Published: 14:00, 04 October 2016
The decision to rebuild the city’s Marlowe Theatre in the throes of a global recession has been vindicated by its success, it was claimed this week.
Council leader Simon Cook says rubberstamping the £25 million rebuild as the credit crunch hit was a “brave” move, with the venue celebrating its fifth birthday today.
More than 1.8 million people have watched shows at the new theatre since it reopened in 2011, with almost £150 million pumped into the local economy.
Scroll down for video and audio
“It shows how right the city council’s decision was to rebuild the theatre – a brave one at a time when the world was plunging into recession,” Cllr Cook said.
“It was all about making a massive gesture of confidence in the city as a destination to have fun in and enjoy glorious nights out.
VIDEO: The Marlowe Theatre has pumped millions into the economy.
“And that confidence has been mirrored in the impressive range of national and international productions and theatre companies now bringing their finest work to the city.
“By the end of this financial year, the economic benefit it will have brought to Canterbury will top £150 million.
“Shops, restaurants, bars and local suppliers have all felt the benefit of the thousands of people flocking to the city to enjoy the theatre’s shows.”
The 1,200-seat theatre has just hosted a sold-out tour of Chitty Chitty Bang Bang, starring Claire Sweeney and Lee Mead.
It brought a production team of 65 people to Canterbury, who “all stayed in digs down here, went out and bought food”, said theatre director Mark Everett.
The show sold 19,000 tickets over 11 days, adding to the 400,000 snapped up last year alone.
“When I look back at when the council was deciding whether it would jump or not, it seems extraordinary,” said Mr Everett.
“We are a success, there is no question. We have made it work and people like it.
“What matters is the number of people coming to see it. We are in the business of entertaining people and 400,000 people can’t be wrong.”
The building was closed for two-and-a-half years for the redevelopment, with Mr Everett admitting there were a few “oh crikey” moments and issues when it opened with largely new staff.
But he said it soon earned the confidence of the theatre industry, adding: “In just a few, short years we have proved what we set out to achieve - a theatre for everyone that brings the best of everything to Canterbury.
“I thank everyone who has helped make our first five years such a success by seeing a show or taking part in an event.
“I would also like to acknowledge the hard work of all our wonderful staff – without them, none of this would have been possible.”
“If we had made the decision a few months later it might have been different. The economic climate changed very quickly and there was a sharp intake of breath..." - Janice McGuiness from Canterbury City Council
The theatre has become the epicentre of a mini-economy, employing 200 to 250 people a year and claiming to source 95% of its retail products from east Kent.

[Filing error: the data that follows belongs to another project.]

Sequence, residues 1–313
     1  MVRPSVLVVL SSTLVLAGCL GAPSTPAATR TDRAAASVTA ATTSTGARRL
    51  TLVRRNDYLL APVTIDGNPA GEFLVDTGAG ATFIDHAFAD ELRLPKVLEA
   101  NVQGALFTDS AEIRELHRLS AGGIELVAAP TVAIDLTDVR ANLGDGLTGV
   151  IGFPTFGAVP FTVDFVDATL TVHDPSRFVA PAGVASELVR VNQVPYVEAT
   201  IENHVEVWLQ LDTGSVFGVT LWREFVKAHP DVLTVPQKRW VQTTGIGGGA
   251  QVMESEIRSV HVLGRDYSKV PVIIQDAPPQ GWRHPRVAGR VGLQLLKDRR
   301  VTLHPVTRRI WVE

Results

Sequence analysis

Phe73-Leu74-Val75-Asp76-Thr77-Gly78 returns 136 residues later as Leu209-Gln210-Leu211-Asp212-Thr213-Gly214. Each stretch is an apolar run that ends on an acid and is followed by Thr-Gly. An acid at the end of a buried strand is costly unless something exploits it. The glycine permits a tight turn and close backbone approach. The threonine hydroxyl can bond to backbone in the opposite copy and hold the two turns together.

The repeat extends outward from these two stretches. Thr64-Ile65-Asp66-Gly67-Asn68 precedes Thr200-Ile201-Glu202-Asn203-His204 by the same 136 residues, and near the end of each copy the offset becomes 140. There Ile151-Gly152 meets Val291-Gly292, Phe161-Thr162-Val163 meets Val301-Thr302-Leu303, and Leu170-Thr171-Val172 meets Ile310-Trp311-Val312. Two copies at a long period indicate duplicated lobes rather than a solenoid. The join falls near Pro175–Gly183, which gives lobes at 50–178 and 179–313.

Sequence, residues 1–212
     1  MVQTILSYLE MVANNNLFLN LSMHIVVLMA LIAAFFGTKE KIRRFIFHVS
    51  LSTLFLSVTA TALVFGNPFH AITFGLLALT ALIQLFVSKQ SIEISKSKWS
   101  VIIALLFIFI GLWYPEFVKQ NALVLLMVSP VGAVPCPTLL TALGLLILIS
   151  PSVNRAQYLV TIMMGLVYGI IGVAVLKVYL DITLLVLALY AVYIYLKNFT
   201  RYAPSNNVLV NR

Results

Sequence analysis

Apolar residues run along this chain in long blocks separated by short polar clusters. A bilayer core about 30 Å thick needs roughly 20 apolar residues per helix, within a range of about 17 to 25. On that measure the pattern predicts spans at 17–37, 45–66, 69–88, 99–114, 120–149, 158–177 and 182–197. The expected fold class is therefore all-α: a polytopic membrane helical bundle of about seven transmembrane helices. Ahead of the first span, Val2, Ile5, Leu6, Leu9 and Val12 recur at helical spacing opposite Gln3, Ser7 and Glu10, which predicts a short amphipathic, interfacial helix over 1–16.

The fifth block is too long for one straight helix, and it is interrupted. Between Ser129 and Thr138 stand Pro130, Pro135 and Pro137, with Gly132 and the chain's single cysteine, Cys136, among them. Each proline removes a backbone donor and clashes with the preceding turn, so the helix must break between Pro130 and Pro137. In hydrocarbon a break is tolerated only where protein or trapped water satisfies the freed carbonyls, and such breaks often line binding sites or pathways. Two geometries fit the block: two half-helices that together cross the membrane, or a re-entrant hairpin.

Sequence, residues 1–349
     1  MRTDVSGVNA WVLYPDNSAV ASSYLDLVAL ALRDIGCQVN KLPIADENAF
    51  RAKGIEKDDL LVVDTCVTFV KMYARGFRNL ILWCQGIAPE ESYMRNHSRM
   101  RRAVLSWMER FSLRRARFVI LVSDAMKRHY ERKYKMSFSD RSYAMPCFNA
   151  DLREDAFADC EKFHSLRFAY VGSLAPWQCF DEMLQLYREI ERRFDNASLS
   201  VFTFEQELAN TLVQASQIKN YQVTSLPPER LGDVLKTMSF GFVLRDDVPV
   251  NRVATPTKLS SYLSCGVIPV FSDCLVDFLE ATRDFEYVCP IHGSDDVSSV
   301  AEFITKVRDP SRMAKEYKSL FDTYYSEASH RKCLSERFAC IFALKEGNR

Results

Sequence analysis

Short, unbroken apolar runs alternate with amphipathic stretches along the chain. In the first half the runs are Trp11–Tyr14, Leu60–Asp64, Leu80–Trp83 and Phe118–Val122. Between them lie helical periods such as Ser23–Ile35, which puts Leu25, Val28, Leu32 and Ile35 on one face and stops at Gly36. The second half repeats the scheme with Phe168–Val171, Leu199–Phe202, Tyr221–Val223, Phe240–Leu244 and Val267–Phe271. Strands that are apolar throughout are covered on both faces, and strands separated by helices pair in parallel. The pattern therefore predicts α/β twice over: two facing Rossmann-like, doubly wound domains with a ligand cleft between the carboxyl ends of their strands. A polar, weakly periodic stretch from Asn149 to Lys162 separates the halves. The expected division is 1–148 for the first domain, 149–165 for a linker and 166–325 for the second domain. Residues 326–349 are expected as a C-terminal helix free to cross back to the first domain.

Mr Everett lists a range of local partners as he talks about the theatre’s economic impact, with beer bought from Faversham’s Shepherd Neame brewery and ice cream from Ashford.
“I’ve not even started talking about the restaurants and bars which are packed out when we are running and deserted when we have a non-performance night,” he said.
The rebuild happened through 2009 to 2011, in the middle of the UK recession prompted by the global credit crunch.
The previous building was a converted cinema built in 1933, with a capacity of 950, where “beyond halfway you didn’t have a great seat”, according to Canterbury City Council culture chief Janice McGuinness, who oversaw the rebuild.
The council, which owns the theatre, approved the project in August 2008, weeks before the banking crisis caused a four-year economic downturn.
Mrs McGuinness said: “The wings needed expanding and the front-of-house wasn’t a place you could spend time and enjoy the theatre.
“I don’t think things ever got dicey but there was a moment of gulping when the bottom fell out of the economy not long after the new theatre was approved.
“If we had made the decision a few months later it might have been different. The economic climate changed very quickly and there was a sharp intake of breath. But it played well because the cost of raw materials fell. The cost of steel dropped. It’s swings and roundabouts.
“Everyone involved in the project was always convinced this was the right thing to do.”
The smaller Marlowe Studio has also gone from strength to strength, and now has a highly-regarded programme of contemporary theatre, comedy and music, while also hosting community projects.
Mrs McGuinness says the theatre is predicted to generate almost £35 million next year and £36.8 million the year after.
The Marlowe will celebrate its fifth birthday with a gala event this Sunday, featuring some of its most popular shows and performers, including War Horse and Chicago, theatre tours and workshops. Click here for details.